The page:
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Maëva Coucke, Miss Nord Pas-de-Calais, wins Miss France 2018

Filed by Lucire staff/December 16, 2017/23.23

Maëva Coucke has been crowned Miss France 2018 at the Châteauroux Métropole, succeeding Alicia Aylies.
   Maëva Coucke, Miss Nord Pas-de-Calais, is a 23-year-old student who is passionate about fashion and photography. She believed that her red hair would make her stand out in the Miss France competition.
   Coucke follows in the footsteps of Camille Cerf and Iris Mittenaere, who had both hailed from Nord-Pas-de-Calais.
   She has a twin, Alizée, who models.
   Maëva Coucke already holds a degree in international trade, and has just started a law degree.
   Runner-up was Eva Colas, Miss Corse, followed by Lison di Martino, Miss ÃŽle-de-France, then Safiatou Guinot, Miss Champagne-Ardenne, and Audrey Chane-Pao-Kan, Miss Réunion.
   They had been short-listed from Miss Languedoc-Roussillon, Miss Martinique, Miss Provence, Miss Limousin, Miss Île-de-France, Miss Corse, Miss Aquitaine, Miss Réunion, Miss Champagne-Ardenne, Miss Rhône-Alpes, Miss Nord-Pas-de-Calais, and Miss Guyane.
   The live telecast on TF1 began at 8.50 p.m. local time, hosted once again by Jean-Pierre Foucault and organizer Sylvie Tellier.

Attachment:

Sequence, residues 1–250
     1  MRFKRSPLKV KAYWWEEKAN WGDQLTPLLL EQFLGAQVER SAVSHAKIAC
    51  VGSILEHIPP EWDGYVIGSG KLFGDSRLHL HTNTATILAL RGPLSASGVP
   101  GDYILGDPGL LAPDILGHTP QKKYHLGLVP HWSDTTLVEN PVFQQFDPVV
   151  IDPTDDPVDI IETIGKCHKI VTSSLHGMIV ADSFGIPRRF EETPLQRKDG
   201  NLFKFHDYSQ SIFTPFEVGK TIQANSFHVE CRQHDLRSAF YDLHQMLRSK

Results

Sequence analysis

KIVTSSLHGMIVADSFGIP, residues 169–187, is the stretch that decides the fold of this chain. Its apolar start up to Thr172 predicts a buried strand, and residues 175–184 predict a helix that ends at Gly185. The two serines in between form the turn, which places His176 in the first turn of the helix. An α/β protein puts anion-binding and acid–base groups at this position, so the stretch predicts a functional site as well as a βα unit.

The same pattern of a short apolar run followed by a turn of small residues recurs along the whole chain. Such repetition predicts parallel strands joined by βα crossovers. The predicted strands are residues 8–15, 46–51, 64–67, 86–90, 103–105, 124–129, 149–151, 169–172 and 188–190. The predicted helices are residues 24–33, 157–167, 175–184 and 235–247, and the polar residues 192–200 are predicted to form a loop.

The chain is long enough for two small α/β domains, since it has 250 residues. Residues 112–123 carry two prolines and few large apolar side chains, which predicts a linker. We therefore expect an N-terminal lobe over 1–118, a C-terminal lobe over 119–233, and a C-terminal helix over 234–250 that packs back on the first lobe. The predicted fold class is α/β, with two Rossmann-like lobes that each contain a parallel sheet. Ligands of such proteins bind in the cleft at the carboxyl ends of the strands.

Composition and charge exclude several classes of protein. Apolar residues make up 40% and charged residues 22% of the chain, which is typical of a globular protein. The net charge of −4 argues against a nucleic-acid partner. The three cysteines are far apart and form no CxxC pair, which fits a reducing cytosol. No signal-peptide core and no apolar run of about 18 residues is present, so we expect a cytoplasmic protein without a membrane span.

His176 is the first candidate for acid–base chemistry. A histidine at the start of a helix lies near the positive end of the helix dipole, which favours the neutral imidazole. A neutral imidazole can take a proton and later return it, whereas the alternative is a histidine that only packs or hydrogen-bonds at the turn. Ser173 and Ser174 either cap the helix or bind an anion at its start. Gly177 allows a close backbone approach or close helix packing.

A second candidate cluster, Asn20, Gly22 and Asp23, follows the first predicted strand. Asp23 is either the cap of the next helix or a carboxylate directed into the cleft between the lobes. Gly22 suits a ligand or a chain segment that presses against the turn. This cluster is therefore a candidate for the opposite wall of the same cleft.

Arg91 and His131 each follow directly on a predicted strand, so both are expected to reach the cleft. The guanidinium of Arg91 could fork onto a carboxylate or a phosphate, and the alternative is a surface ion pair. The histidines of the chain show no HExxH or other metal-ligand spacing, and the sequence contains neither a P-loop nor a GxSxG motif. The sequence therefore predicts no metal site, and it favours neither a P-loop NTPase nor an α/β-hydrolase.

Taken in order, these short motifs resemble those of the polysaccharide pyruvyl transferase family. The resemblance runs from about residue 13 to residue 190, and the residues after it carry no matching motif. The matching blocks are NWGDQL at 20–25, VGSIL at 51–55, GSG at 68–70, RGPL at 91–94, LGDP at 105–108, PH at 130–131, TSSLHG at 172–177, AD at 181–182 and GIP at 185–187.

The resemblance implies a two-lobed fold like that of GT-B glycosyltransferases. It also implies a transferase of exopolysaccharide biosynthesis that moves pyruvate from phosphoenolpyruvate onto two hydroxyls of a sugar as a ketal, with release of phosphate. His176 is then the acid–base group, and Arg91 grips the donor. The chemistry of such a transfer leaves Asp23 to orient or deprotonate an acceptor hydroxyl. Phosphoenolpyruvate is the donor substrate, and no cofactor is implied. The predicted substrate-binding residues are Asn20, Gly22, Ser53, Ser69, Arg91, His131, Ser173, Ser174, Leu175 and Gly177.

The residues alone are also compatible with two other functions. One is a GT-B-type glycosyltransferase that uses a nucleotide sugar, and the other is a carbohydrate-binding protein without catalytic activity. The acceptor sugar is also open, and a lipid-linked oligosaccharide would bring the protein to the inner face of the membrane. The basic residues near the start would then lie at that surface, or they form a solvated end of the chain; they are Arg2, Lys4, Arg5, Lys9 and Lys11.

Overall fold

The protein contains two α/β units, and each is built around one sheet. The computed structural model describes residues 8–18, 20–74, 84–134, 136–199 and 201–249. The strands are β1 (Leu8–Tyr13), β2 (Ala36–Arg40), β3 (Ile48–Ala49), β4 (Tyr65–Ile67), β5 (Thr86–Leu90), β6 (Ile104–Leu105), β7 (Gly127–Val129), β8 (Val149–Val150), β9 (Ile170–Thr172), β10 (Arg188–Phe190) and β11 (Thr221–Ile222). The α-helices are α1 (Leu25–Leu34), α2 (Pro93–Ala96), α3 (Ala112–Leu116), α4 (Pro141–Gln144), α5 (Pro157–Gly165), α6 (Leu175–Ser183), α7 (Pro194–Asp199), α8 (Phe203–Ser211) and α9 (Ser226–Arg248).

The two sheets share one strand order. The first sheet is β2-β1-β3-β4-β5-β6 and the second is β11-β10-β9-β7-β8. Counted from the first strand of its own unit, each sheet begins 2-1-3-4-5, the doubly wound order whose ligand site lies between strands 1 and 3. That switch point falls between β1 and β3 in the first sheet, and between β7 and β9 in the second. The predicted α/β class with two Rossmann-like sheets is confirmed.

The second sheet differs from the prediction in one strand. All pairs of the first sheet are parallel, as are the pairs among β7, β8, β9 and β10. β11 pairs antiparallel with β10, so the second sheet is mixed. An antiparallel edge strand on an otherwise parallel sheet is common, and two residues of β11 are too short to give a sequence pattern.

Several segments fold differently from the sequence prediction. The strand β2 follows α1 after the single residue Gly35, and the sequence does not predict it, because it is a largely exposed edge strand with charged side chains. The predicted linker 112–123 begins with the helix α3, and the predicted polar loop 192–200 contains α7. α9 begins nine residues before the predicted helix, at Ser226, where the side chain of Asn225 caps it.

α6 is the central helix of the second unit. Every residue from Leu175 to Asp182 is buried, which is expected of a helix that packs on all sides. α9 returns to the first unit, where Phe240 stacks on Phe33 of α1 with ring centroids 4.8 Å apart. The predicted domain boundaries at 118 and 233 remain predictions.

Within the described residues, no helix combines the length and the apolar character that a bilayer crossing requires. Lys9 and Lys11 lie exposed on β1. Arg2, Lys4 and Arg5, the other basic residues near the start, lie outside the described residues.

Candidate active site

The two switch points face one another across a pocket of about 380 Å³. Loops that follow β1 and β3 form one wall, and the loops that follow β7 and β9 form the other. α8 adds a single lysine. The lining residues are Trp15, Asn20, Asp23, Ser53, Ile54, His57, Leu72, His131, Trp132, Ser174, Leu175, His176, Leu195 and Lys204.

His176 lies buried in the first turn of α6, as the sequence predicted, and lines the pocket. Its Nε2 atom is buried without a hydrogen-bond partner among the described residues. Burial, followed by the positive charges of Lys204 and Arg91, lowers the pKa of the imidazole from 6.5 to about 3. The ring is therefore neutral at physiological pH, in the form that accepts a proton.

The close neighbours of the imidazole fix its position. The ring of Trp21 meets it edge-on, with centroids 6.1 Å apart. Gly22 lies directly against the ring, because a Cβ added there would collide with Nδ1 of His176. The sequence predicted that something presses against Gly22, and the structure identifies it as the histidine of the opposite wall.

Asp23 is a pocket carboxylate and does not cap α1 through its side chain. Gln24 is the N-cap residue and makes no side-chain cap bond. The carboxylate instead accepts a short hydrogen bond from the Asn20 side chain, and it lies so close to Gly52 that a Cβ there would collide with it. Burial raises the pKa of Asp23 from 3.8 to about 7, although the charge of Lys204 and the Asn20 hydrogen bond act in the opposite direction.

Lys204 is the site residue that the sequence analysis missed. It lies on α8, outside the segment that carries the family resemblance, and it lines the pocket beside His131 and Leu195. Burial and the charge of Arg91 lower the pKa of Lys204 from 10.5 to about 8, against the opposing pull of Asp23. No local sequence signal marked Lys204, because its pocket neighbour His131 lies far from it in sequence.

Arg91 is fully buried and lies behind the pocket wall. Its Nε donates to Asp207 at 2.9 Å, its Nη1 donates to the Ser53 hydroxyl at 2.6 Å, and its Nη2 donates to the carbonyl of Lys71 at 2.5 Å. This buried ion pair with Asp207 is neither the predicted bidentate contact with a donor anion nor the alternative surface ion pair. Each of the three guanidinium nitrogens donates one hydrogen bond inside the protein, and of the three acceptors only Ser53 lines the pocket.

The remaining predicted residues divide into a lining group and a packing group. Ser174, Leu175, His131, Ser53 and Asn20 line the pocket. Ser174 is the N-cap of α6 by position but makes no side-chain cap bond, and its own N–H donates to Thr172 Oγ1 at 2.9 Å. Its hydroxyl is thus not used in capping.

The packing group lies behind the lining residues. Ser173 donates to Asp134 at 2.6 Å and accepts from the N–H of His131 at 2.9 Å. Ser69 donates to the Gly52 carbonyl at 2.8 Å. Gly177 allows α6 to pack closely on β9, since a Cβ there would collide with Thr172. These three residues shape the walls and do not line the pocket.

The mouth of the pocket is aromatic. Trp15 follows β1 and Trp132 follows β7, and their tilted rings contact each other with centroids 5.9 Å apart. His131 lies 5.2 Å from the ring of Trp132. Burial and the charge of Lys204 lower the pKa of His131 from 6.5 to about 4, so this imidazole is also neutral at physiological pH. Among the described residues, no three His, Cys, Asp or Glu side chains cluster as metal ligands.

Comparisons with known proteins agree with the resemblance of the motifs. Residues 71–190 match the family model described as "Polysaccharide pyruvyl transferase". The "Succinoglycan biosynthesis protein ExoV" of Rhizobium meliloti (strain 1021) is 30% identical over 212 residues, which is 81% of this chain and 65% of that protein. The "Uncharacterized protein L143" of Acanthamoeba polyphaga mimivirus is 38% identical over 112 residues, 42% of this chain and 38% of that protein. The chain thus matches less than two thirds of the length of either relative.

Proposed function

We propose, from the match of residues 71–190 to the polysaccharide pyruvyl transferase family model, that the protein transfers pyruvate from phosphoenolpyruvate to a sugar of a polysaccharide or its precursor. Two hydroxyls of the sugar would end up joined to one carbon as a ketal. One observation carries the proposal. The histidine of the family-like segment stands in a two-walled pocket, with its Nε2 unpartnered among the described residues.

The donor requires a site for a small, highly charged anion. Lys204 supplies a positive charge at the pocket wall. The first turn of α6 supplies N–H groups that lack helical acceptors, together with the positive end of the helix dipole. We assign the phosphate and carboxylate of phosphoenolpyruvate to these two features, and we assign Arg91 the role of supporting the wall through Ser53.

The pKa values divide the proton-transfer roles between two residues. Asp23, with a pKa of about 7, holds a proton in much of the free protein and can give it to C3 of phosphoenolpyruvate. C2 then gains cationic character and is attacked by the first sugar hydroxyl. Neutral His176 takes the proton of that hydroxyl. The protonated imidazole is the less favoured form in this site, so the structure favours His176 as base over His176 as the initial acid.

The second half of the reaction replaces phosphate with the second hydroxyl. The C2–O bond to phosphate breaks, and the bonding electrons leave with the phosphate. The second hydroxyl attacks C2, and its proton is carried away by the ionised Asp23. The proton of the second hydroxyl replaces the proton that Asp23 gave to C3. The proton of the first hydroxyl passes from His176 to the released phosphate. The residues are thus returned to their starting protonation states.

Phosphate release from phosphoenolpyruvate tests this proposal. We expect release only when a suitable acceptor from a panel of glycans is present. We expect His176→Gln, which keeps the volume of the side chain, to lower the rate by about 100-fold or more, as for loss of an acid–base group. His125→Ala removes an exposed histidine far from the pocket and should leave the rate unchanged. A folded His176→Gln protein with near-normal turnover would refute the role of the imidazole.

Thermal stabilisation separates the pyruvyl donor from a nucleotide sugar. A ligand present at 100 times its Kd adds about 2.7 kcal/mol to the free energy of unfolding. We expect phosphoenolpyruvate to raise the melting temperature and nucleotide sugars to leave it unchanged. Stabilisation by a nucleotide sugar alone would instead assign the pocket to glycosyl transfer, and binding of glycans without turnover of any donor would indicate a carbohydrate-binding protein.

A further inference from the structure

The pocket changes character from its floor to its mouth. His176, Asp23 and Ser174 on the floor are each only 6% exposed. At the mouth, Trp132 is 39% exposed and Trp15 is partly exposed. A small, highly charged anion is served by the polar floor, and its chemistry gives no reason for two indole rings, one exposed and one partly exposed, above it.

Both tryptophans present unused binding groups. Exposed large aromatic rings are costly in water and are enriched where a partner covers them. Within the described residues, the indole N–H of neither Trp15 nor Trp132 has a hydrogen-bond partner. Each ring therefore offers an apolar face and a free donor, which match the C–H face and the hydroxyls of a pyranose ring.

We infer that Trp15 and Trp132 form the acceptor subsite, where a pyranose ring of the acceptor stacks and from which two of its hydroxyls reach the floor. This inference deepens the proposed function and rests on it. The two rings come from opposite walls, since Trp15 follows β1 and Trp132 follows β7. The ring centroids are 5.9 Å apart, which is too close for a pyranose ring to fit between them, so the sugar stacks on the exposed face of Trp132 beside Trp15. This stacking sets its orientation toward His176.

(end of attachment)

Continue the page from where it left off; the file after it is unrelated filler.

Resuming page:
Special guest star Ed Sheeran performed in the last section prior to the winner being announced.
   Of the many earlier individual parades during the telecast was a tribute to French rocker Johnny Hallyday. There was also a segment devoted to violence against women, appropriate in a year where producer Harvey Weinstein fell from grace after revelations of his alleged sexual harassment and abuse.
   Thirty regional contestants vied for the Miss France 2018 crown, facing a jury led by couturier Jean Paul Gaultier and former Miss France and Miss Universe Iris Mittenaere.
   Last year’s telecast was watched by 7·6 million people.


Victoria’s Secret–Balmain collection, VS × Balmain, goes on sale

Filed by Lucire staff/November 30, 2017/2.01

Russell James

The Victoria’s Secret Balmain collaboration, designed by Olivier Rousteing, has now gone on sale after being shown publicly at the 2017 Victoria’s Secret Fashion Show in Shanghai.
   Called VS × Balmain, the 22-piece collection was first publicly modelled by Candice Swanepoel, Adriana Lima, Jasmine Tookes, Sara Sampaio and Josephine Skriver.
   Rousteing’s edgy signature is evident on the designs. The collection comprises bras, panties, lingerie, T-shirts and handbags, with details such as tartan prints, graffiti graphics and Swarovski crystals.
   The collection is now available at select Victoria’s Secret stores and online at


Why we should be thankful for Stella McCartney

Filed by Jack Yan/November 29, 2017/2.09

Lucire is UN Environment’s first fashion industry partner.